Score:2 Crypto

# Is it possible to calculate the modular inverse of a secp256k1 public key? I know that it wouldn't be possible to use the extended Euclidean algorithm, since it would require the ability to divide a public key and calculate the remainder. I was wondering if there were any other ways of calculating the modular multiplicative inverse of a point on an elliptic curve (like secp256k1)? Or perhaps a reason why it is provably impossible? Is there a way (other than brute force) to find an integer that results in 1 when the public key is multiplied by that integer?

I am not especially well educated in mathematics or cryptography, but I find it interesting, so maybe I just don't know the correct terminology to research it myself.

Score:3 Crypto Is there a way (other than brute force) to find an integer that results in 1 when the public key is multiplied by that integer?

Actually, given a public key $$H$$, it is easy to find the smallest integer $$x > 0$$ such that $$xH = 1$$. For secp256k1 (and if $$H$$ isn't the neutral element), then $$x = 115792089237316195423570985008687907852837564279074904382605163141518161494337$$. This is true no matter which point $$H$$ is; all points on that curve (other than the neutral element) have that order.

However, that's not what we usually mean if we refer to 'the mod inverse'; that sounds more like "given $$xG$$, find the point $$x^{-1}G$$", which is known to be equivalent to the CDH problem (which we hope is hard)

Score:1 Crypto This is a bit extended answer;

I was wondering if there were any other ways of calculating the modular multiplicative inverse of a point on an elliptic curve (like secp256k1)? Or perhaps a reason why it is provably impossible?

The bitcoin community usually calls the usual scalar multiplication as multiplication1. What we define as scalar multiplication as

$$[k]G : = \underbrace{G + G + \cdots + G}_{k-times}$$ in other words, adding a point itself $$k$$ times.

There is already a problem defined for this ( using EC version $$r$$ is the order of the base element $$G$$, the curve is prime order,and $$E(K)$$ is the set of the point of the curve);

Definitions;

• CDH : given a triple $$(G,[a]G,[b])$$ find $$[ab]G$$.
• Inverse-DH : given a pair $$(G, [a]G) \in E(K) - \{\mathcal{O}\}$$ of elements of prime order $$r$$ in $$E(K)$$ to compute $$[a^{-1}]G$$.
• Square-DH: The computational problem Square-DH is: given $$(G, [a]G )$$ where $$G \in E(K)$$ has prime order $$r$$ to compute $$[a^2]G$$.

Reductions;

• $$\text{Inverse-DH} \leq_R \text{CDH}$$.

Let's assume we have an oracle $$O$$ that solve $$\text{CDH}$$. We are given $$(G,[a]G)$$ as the $$\text{Inverse-DH}$$ instance and we want to find $$P = [a]G$$. Then we have $$G = [a^{-1}]P = [a^{-1}a]G = G$$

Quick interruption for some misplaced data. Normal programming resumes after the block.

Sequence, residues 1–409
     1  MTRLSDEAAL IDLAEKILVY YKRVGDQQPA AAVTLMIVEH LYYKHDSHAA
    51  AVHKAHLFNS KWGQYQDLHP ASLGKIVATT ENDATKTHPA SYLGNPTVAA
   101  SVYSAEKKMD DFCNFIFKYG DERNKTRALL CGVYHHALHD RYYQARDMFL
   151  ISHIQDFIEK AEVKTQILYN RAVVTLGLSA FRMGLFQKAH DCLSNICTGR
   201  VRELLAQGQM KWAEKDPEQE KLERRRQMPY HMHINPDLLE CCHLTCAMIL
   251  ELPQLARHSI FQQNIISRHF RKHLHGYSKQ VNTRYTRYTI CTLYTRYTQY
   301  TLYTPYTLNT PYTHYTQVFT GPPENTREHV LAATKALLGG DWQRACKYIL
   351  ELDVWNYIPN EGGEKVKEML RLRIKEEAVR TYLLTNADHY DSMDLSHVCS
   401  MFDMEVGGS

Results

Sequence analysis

Now, call the oracle $$O$$ with $$O(P,G,G) = O(P,[a^{-1}]P,[a^{-1}]P)$$ and the oracle outputs $$[a^{-2}]P$$. Replace $$P$$ to get $$[a^{-2}]P = [a^{-2}a]G = [a^{-1}]G$$ This shows the reduction.

• $$\text{Square-DH} \leq_R \text{Inverse-DH}$$.

Let's assume $$O$$ be an oracle that solves $$\text{Inverse-DH}$$ and let $$(G, P = [a]G )$$ be given. If $$P = \mathcal{O}$$ then return $$\mathcal{O}$$ else $$O(P, G) = O(P , [a^{-1}]P) = [a]P = [a\cdot a]P = [a^2]P.$$ This shows the reduction.

So we have $$\text{Square-DH} \leq_R \text{Inverse-DH} \leq_R \text{CDH}$$. If we can show that $$\text{CDH} \leq_R \text{Square-DH}$$ then we will have the equivalence.

• $$\text{CDH} \leq_R \text{Square-DH}$$

let $$O$$ be an oracle to solve $$\text{Square-DH}$$ and we are given $$(G,[a]G, [b]G)$$ as a $$\text{CDH}$$ instance.

• Call $$O$$ two times with $$O(G,[a]G)$$ and $$O(G,[b]G)$$ to get $$P= [a^2]G$$ and $$Q= [b^2]G$$, respectively.

• Now one more call $$O(G, P+Q) = O(G, [a+b]G)$$ and get $$R = [(a+b)^2]G = [a^2+2ab+b^2]G.$$

• Now finally compute $$[2^{-1}](R - (P+Q)) = [2^{-1} (a^2+2ab+b^2 -a^2 -b^2)]G = [ab]G$$ This shows the reduction.

Therefore we have the equivalence. So if the $$\text{CDH}$$ is hard then $$\text{Inverse-DH}$$ is hard, too. Well, we hope this is for non-quantum adversaries.

Is there a way (other than brute force) to find an integer that results in 1 when the public key is multiplied by that integer?

I can read this in two ways;

• $$1$$ is the identity of the curve we write $$\mathcal{O}$$, then we have the identity $$[r]P = \mathcal{O}$$ for every element of a prime curve of order $$r$$. This is the definition of order of an element in the group theory.

• $$1$$ as the $$[a\cdot a^{-1}]G = [\color{red}{1}]G = G$$ then this is the $$\text{Inverse-DH}$$ as we discussed.

1Well, one can (define|call) the point addition as point multiplication, however, the addition is historical and all major Elliptic curve books use point addition; Over the complex numbers, any elliptic curve can be realized as $$\mathbb C/\Gamma$$ for some lattice $$\Gamma$$. In this case, addition simply comes from standard addition of complex numbers.